The problem for African writers of the 1960s was not that they ignored the State – how could they when it was banning their works, or detaining them or dispatching them into exile? It was, rather, that everything to do with the colonial and ex-colonial states seemed utterly banal compared with the social and religious hierarchies they had supplanted. The argument of The Black Man’s Burden is already reflected in the literature of three decades back.

Soyinka denies that The Open Sore is a requiem for Nigeria, or that he wishes the federation to collapse into ever-diminishing components. The heart of his book is an extended survey of “national questions” in Europe, the Middle East, North America, Africa and the former Soviet Union. If this sounds absurdly ambitious, the fact remains that he pulls it off. His analysis of the predicaments of Kurds and Rwandans, Bosnian Muslims and French Canadians, Basques and Kuwaitis (not forgetting the “miracle” of Mandela’s South Africa), is an intellectual tour de force, enriched by his experiences as a traveller and his unfailing gift for language. Who but Soyinka, strolling through the market at Samarkand, would record “It did not require your tragic-romantic recollection of James Elroy Flecker’s verse play Hassan to make you aware you were plunged into a different culture”? Or, noting the Republic of Ireland’s periodic doubts about incorporating Protestants, would characterize the IRA as “a national longing that has nowhere to go”?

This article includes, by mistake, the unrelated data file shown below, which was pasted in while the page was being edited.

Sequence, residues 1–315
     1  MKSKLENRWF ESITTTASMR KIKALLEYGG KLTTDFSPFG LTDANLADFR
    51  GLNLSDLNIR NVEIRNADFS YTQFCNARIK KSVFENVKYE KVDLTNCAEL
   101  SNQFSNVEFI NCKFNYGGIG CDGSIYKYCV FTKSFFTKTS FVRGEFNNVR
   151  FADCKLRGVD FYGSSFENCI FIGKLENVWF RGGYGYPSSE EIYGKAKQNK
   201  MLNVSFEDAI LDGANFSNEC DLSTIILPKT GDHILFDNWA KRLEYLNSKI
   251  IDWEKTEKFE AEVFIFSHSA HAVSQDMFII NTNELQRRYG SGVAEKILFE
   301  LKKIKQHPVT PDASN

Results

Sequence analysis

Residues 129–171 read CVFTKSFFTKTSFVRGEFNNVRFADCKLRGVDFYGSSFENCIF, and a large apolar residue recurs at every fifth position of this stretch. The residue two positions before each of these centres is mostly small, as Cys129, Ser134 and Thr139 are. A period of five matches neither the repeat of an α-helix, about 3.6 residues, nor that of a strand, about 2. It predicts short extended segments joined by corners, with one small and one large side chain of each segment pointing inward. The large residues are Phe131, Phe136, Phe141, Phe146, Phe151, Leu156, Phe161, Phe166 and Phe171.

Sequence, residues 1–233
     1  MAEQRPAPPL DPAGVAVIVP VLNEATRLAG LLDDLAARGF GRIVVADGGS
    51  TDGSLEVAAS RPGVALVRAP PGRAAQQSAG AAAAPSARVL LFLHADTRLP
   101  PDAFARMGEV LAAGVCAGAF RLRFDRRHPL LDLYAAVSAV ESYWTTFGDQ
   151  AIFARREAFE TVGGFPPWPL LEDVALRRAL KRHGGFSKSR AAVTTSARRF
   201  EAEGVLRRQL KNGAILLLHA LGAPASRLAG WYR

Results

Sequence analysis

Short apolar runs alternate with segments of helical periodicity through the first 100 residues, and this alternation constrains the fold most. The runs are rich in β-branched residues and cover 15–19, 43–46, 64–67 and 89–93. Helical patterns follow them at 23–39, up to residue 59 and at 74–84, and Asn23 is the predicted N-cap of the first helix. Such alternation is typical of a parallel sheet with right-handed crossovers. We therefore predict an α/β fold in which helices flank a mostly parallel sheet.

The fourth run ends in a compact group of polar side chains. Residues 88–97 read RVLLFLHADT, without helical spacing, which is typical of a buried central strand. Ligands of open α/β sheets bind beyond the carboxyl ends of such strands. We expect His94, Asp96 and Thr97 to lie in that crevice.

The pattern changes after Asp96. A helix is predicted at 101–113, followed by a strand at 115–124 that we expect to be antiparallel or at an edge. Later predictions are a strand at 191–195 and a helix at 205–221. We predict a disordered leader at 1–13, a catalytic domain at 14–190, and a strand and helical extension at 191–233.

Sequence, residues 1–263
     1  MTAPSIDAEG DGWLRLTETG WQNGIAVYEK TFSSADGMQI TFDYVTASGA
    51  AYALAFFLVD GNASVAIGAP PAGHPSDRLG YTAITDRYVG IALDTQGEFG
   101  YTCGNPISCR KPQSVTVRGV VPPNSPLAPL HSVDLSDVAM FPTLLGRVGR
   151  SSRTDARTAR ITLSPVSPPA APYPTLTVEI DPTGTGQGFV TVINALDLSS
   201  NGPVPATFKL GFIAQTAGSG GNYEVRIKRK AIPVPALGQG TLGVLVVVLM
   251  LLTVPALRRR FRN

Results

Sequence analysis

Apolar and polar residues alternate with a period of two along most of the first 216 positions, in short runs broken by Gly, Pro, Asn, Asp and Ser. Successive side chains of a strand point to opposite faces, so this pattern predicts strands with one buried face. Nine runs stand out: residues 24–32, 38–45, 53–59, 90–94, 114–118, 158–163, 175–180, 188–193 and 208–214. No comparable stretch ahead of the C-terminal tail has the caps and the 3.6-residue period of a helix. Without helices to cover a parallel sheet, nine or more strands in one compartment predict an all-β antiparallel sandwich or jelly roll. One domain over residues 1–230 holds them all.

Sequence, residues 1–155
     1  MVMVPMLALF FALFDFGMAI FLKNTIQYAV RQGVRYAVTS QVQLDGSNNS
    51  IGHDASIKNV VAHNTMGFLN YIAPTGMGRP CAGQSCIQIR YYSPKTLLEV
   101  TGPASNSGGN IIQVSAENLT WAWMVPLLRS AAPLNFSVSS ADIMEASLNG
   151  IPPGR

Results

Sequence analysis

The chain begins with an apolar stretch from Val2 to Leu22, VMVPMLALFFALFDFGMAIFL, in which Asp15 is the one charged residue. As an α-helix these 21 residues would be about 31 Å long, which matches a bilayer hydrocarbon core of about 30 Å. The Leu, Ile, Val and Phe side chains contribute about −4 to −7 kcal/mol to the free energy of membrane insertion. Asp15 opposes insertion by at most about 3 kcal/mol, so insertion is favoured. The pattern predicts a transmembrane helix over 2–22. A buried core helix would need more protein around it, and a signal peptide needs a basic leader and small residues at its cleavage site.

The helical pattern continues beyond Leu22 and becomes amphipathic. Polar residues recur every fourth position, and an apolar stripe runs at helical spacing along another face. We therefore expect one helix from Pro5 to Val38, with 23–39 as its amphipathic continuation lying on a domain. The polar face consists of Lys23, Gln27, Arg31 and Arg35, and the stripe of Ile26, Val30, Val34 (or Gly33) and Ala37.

Acknowledging, with Omotoso, that for most Nigerians, Pan-African visions have contracted to the exigencies of salvaging the “colonial endowment”, Soyinka concludes with a sober and dignified statement of where he stands:

For the moment, I am able to claim that I accept Nigeria as a duty, that is all. I accept Nigeria as a responsibility, without sentiment. I accept that entity, Nigeria, as a space into which I happen to have been born, and therefore a space within which I am bound to collaborate with fellow occupants in the pursuit of justice and ethical life . . . I accept that space as a space of opportunities and responsibilities that must extend beyond its boundaries . . . I accept that space as one that is best kept intact.

In July 1994, Tai Solarin, the septuagenarian educationalist long known as the “conscience of the nation”, joined a march for justice organized by Soyinka with the words, “Ah Wole, I thought I would come and walk a step or two with you.” He died the following morning. Today, as he confronts his would-be executioners, Soyinka has more readers and admirers walking with him than he can possibly know.

First published Times Literary Supplement, 13 Junes, 1997.